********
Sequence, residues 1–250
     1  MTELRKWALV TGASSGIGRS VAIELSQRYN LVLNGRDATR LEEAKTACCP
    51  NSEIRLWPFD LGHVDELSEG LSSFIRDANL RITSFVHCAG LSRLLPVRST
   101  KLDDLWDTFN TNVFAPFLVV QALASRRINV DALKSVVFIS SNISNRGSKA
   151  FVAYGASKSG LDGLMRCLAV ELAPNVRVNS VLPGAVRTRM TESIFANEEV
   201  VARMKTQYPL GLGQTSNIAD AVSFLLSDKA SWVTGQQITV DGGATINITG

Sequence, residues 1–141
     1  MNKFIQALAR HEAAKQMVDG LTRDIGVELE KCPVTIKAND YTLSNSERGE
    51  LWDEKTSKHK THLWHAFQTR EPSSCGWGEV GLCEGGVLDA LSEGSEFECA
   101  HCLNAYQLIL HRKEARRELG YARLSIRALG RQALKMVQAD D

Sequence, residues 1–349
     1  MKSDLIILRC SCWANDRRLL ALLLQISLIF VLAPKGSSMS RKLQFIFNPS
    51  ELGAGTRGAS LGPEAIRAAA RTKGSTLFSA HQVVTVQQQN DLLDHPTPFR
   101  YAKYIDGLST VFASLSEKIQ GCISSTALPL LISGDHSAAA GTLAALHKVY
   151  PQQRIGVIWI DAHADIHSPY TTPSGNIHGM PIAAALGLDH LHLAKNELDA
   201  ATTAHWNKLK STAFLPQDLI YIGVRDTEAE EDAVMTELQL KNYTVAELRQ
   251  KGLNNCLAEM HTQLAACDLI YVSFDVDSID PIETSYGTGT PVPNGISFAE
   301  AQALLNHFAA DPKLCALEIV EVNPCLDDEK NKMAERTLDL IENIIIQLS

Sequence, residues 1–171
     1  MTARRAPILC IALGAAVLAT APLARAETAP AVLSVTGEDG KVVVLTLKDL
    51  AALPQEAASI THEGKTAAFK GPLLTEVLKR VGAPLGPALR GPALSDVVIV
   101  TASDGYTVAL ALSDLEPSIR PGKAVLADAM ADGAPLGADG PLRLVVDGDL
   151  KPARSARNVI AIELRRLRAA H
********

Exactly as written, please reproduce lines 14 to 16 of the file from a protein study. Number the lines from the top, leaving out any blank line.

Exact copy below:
   101  YAKYIDGLST VFASLSEKIQ GCISSTALPL LISGDHSAAA GTLAALHKVY
   151  PQQRIGVIWI DAHADIHSPY TTPSGNIHGM PIAAALGLDH LHLAKNELDA
   201  ATTAHWNKLK STAFLPQDLI YIGVRDTEAE EDAVMTELQL KNYTVAELRQ